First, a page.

Happy Earth Day! Celebrate with 3 Tips for Simple Green Living

I welcome the conveniences of modern life, especially when our options are nearly limitless. But along with our endless options comes the ease of disposable items and becoming accustomed to the convenience that these items bring. However convenient these disposable items seem, they can lead to more waste. To celebrate Earth Day every day, try out these 3 helpful tips for simple green living.

Happy Earth Day! Celebrate with 3 Tips for Simple Green Living

1) Choose a Reusable Water Bottle

Empty water bottles are so abundant that they are often used as a main component of an art project for children. There are even dog toys that you can purchase at a pet store that require an empty water bottle to complete the toy. Bottled water is a billion dollar industry that helps to contribute to over two million discarded water bottles on a yearly basis. Roughly only about one out of every five water bottles gets recycled. Bottled water not only uses enough fossil fuel to power close to 200,000 homes, but also ironically uses more water than the actual bottle contains. Reusing the cheap plastic of bottled water is not recommended either since the bottle could be leaching the plastic compounds into your drink or even introducing bacteria growth.

An easy solution is buying reusable bottles that you can fill with your own water. Straight tap water will work for these bottles, but if you prefer the taste of filtered water you can do that too. Reusable bottles come in plastic, stainless steel, and glass. You can get different colors and designs for the whole family to enjoy! I personally prefer the glass bottles the best since I am not a fan of drinking water out of metal. You can get insulated bottles too which comes in handy for bringing along extra bottles of water for later in the day. Buying a few reusable bottles will run more money than buying a case of bottled water. However the reusable bottles will quickly show their true value when your bottled water runs out, but you still have a reusable bottle to fill with water of your choice.

2) Ditch Those Paper Towels

Your child spills a cup of milk at dinner. The dog is a little too rowdy and bumps into the coffee table where you placed your cup of tea. Most Americans would quickly run into the kitchen and grab one or two paper towels depending on how big the mess was. Paper towels contribute to over one-third of the waste that winds up in the landfills. The process of making just one eight ounce roll of paper towels produces over a pound of carbon dioxide that is released into our atmosphere.

Instead of reaching for another paper towel, go paperless! Use old towels for big spells, upcycle rags from old t-shirts, flannel scraps, or other fabrics that might be absorbent that you already have in your home for smaller spills. You can even make your own set of unpaper towels in different fabric choices to add a little color to your kitchen. Adding a couple extra rags to your laundry isn’t very noticeable compared to the savings of not running through rolls of paper towels.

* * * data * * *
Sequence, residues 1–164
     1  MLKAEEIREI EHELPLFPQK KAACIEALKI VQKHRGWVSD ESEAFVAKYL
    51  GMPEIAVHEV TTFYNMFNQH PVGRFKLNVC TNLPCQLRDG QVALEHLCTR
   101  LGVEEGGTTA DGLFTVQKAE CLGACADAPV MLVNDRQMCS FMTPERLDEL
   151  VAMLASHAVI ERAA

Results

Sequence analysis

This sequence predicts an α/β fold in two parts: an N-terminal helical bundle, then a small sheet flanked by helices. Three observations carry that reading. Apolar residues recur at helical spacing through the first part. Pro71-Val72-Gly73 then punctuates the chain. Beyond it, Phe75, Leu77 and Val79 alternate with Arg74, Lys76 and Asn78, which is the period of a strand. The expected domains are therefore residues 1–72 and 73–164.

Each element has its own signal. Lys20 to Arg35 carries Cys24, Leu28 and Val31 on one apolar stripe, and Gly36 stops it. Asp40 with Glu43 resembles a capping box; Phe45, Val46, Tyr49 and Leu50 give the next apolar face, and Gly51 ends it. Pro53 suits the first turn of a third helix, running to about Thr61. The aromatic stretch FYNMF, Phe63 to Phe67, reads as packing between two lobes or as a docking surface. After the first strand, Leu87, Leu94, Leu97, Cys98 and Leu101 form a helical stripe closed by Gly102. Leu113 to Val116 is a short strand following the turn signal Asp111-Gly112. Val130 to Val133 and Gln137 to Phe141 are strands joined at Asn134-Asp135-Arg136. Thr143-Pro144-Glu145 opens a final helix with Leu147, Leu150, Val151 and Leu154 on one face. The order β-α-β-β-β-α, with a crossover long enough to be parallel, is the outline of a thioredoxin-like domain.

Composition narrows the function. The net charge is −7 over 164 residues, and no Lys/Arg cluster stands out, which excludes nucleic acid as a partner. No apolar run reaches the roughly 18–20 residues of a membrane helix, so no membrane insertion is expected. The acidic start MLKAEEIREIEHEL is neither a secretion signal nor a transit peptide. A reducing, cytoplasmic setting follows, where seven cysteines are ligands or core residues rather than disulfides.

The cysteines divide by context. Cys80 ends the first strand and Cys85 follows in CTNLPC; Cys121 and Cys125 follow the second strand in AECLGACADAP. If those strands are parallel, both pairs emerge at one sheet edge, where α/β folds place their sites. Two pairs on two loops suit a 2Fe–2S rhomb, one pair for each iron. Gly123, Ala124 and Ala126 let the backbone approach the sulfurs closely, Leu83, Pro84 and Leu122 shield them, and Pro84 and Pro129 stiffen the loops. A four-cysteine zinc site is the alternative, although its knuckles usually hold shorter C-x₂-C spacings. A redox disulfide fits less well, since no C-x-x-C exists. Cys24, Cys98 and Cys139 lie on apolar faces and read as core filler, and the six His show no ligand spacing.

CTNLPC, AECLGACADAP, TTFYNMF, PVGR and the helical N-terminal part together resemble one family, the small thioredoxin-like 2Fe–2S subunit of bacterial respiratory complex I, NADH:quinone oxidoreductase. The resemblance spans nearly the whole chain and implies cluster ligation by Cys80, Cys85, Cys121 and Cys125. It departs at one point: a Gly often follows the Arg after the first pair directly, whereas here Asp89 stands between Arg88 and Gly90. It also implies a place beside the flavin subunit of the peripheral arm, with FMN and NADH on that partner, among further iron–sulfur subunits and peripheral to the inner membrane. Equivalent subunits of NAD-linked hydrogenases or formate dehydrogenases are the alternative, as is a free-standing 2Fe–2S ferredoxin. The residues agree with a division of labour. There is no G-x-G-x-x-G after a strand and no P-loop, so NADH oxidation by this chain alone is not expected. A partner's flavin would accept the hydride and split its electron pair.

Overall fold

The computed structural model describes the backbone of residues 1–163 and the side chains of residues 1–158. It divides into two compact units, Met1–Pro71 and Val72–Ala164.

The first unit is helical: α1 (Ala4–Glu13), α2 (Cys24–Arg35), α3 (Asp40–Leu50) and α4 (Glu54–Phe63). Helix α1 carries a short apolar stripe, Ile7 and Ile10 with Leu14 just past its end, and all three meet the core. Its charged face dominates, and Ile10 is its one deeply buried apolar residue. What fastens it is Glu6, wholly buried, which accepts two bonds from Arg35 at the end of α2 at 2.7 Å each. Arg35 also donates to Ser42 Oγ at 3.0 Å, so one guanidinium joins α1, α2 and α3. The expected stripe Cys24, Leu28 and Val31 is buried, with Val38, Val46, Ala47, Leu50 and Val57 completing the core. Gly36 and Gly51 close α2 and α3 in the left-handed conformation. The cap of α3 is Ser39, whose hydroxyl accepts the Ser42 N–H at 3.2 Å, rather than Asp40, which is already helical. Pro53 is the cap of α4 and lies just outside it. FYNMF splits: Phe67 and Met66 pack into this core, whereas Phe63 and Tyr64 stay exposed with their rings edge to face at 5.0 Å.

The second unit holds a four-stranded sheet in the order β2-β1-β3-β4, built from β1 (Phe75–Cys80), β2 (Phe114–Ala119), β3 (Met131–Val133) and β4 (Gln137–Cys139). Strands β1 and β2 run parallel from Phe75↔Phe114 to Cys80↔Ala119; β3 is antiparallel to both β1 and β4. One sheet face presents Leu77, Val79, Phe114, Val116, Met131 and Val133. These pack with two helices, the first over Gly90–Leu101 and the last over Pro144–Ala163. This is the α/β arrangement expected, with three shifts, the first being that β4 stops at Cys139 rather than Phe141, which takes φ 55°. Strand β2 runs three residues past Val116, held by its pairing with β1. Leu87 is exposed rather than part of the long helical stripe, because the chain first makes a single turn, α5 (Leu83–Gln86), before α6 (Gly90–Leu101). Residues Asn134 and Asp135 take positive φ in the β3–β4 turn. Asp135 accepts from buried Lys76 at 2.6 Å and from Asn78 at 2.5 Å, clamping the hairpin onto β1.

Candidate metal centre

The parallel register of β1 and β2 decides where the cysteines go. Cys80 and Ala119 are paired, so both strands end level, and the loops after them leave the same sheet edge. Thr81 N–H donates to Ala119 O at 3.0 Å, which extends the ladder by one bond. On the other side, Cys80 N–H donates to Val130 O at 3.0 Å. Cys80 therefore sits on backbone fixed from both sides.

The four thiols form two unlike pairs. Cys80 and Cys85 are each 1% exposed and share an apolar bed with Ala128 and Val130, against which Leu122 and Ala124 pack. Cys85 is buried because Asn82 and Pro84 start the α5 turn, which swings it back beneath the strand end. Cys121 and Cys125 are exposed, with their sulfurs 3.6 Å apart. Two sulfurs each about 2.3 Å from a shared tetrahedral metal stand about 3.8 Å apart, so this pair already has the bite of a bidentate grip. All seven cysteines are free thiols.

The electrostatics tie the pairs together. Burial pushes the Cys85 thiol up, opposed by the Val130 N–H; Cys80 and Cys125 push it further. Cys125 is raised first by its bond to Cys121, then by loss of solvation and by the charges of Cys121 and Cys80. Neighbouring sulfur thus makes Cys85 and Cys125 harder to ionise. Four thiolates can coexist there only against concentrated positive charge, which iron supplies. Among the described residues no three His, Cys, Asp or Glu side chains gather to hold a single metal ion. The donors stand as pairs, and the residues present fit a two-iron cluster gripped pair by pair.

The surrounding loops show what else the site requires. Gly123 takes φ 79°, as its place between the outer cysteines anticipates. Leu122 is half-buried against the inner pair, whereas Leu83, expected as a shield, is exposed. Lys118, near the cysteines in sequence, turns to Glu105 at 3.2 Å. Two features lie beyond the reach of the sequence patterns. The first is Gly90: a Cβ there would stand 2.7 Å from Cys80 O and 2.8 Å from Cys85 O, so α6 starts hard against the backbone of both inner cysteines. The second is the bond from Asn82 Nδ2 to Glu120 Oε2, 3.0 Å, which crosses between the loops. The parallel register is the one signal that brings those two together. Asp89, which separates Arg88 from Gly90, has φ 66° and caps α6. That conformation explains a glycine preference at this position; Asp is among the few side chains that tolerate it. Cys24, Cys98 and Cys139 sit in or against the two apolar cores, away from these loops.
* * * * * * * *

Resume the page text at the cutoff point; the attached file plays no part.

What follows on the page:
3) Invest in Reusable Bags

Millions of plastic bags get used for quick and easy take along snacks. An average family will use thousands of plastic baggies a year, most of which are being used by school age children. These small inconspicuous looking little bags will run the family budget about $85 a year. Buying reusable snack bags isn’t just good for your wallet but also for your carbon footprint.

Ditching disposable plastic bags sounds difficult, but a few simple changes and you won’t really miss them at all. At home, instead of reaching for a plastic storage bag to store left-overs from your dinner, grab a reusable glass storage container. Plastic reusable containers will wear out quicker than if you use glass, not to mention we all know how spaghetti sauce will ruin the plastic!

For outside of the home, whether it be for the kids at school or for you to take with you on your commute, stainless steel bento box style containers are a great alternative to stay clear of plastic. Smaller children that might find bento box containers a little difficult to use, can use cloth bags instead. Cloth bags can be found in a variety of options from choice of fabric, a bag with either a fold over design, Velcro closure, or a zipper closure.

Caring for cloth bags might seem daunting in the beginning, but you can just add the soiled bags either to your dishwasher cycle or in your washing machine depending on the material of the bags. Upfront costs of switching from a plastic baggie to another alternative can be a little steep at first.

Worried about the initial costs of adopting these 3 tips for simple green living? Start small by purchasing one or two items at a time. When your budget allows, make your next purchase. In the end, the long-term savings of adopting these switches will cover the upfront costs plus add additional savings for the life of the products.

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